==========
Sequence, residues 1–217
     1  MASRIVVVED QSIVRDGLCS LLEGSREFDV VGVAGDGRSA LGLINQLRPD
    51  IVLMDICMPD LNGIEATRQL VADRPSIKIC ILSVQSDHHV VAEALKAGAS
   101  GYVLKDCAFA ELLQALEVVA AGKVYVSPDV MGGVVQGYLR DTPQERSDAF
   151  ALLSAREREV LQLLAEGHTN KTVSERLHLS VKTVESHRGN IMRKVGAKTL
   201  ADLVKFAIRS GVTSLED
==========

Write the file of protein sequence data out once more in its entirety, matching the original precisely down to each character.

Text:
Sequence, residues 1–217
     1  MASRIVVVED QSIVRDGLCS LLEGSREFDV VGVAGDGRSA LGLINQLRPD
    51  IVLMDICMPD LNGIEATRQL VADRPSIKIC ILSVQSDHHV VAEALKAGAS
   101  GYVLKDCAFA ELLQALEVVA AGKVYVSPDV MGGVVQGYLR DTPQERSDAF
   151  ALLSAREREV LQLLAEGHTN KTVSERLHLS VKTVESHRGN IMRKVGAKTL
   201  ADLVKFAIRS GVTSLED